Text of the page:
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Should I pull the plug and buy in a VHCOL area?

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  • #46




    Just came back from SF Bay area. The QOL cannot be beat. Amazing weather, things to do etc. I don’t care, you should go for happiness. Its reasonable that you can service the debt. This whole 2x income are all guidelines, not cancer marker. With AlexxTT. Go for it.
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    Never confuse the QOL on vacation for the QOL living someplace. On every single vacation, I imagine myself living in the location, and the lifestyle always seems better than what I have at home.

    Then again, at home, I go to work, have a laundry list of things needing to be repaired or replaced at home, have kids that need to be supported, dogs that need a break from destroying the house to go on walks, bills to pay, etc.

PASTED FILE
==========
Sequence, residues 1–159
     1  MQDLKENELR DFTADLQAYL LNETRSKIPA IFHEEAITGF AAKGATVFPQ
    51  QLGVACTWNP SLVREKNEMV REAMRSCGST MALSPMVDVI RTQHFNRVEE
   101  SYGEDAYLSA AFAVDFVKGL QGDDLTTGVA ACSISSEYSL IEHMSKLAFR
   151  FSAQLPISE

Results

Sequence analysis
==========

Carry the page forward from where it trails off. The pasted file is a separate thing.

On vacation, it is all rainbows and ponies, great sites and activities, early cocktail hour, sumptuous meals, etc.

    Interestingly, of all of the places I have ever visited, SF is one of the few that I could not imagine living there. There are some very lovely places and interesting cultural activities, but these do not drive one’s daily happiness. I have not done an exhaustive study of the area, and I am sure that I could find acceptable places to live and work, but I was never motivated sufficiently to do so.

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    • #47







      Just came back from SF Bay area. The QOL cannot be beat. Amazing weather, things to do etc. I don’t care, you should go for happiness. Its reasonable that you can service the debt. This whole 2x income are all guidelines, not cancer marker. With AlexxTT. Go for it.
      Click to expand…


      Never confuse the QOL on vacation for the QOL living someplace. On every single vacation, I imagine myself living in the location, and the lifestyle always seems better than what I have at home.